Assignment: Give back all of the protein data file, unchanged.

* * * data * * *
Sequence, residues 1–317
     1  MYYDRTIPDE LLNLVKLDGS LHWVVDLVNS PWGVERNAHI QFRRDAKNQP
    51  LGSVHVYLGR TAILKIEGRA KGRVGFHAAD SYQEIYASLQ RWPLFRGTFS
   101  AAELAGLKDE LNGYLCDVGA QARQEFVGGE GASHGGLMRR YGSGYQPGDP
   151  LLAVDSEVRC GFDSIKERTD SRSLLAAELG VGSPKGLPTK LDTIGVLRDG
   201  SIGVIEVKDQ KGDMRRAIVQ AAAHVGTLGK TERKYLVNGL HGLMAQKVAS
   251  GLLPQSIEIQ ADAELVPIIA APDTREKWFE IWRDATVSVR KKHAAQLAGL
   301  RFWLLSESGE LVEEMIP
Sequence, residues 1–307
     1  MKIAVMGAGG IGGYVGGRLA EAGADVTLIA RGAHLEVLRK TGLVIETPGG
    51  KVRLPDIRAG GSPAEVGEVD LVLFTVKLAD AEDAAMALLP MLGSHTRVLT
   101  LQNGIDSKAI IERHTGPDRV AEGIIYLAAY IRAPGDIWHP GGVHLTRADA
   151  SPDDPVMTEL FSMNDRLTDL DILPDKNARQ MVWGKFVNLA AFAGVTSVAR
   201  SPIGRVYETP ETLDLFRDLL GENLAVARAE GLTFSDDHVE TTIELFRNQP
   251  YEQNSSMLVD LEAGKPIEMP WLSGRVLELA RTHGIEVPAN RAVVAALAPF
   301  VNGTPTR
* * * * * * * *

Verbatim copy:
Sequence, residues 1–317
     1  MYYDRTIPDE LLNLVKLDGS LHWVVDLVNS PWGVERNAHI QFRRDAKNQP
    51  LGSVHVYLGR TAILKIEGRA KGRVGFHAAD SYQEIYASLQ RWPLFRGTFS
   101  AAELAGLKDE LNGYLCDVGA QARQEFVGGE GASHGGLMRR YGSGYQPGDP
   151  LLAVDSEVRC GFDSIKERTD SRSLLAAELG VGSPKGLPTK LDTIGVLRDG
   201  SIGVIEVKDQ KGDMRRAIVQ AAAHVGTLGK TERKYLVNGL HGLMAQKVAS
   251  GLLPQSIEIQ ADAELVPIIA APDTREKWFE IWRDATVSVR KKHAAQLAGL
   301  RFWLLSESGE LVEEMIP
Sequence, residues 1–307
     1  MKIAVMGAGG IGGYVGGRLA EAGADVTLIA RGAHLEVLRK TGLVIETPGG
    51  KVRLPDIRAG GSPAEVGEVD LVLFTVKLAD AEDAAMALLP MLGSHTRVLT
   101  LQNGIDSKAI IERHTGPDRV AEGIIYLAAY IRAPGDIWHP GGVHLTRADA
   151  SPDDPVMTEL FSMNDRLTDL DILPDKNARQ MVWGKFVNLA AFAGVTSVAR
   201  SPIGRVYETP ETLDLFRDLL GENLAVARAE GLTFSDDHVE TTIELFRNQP
   251  YEQNSSMLVD LEAGKPIEMP WLSGRVLELA RTHGIEVPAN RAVVAALAPF
   301  VNGTPTR